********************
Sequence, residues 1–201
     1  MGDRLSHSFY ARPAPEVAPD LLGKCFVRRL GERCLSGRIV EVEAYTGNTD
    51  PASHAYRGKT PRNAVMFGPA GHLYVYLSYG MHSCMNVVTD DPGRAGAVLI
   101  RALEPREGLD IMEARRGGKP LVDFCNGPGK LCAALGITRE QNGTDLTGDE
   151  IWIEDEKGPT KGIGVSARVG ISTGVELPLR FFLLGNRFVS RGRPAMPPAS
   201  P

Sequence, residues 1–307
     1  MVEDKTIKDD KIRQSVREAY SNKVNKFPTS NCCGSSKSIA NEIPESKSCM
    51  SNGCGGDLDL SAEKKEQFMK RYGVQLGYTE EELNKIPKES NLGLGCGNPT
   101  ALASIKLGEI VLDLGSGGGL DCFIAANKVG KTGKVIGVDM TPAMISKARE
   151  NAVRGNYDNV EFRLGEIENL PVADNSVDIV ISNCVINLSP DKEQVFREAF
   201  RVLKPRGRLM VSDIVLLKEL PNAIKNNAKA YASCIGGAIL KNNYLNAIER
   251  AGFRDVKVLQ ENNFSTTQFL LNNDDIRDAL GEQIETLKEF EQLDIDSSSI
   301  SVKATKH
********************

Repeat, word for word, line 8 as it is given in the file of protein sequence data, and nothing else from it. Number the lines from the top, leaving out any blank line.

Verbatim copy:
     1  MVEDKTIKDD KIRQSVREAY SNKVNKFPTS NCCGSSKSIA NEIPESKSCM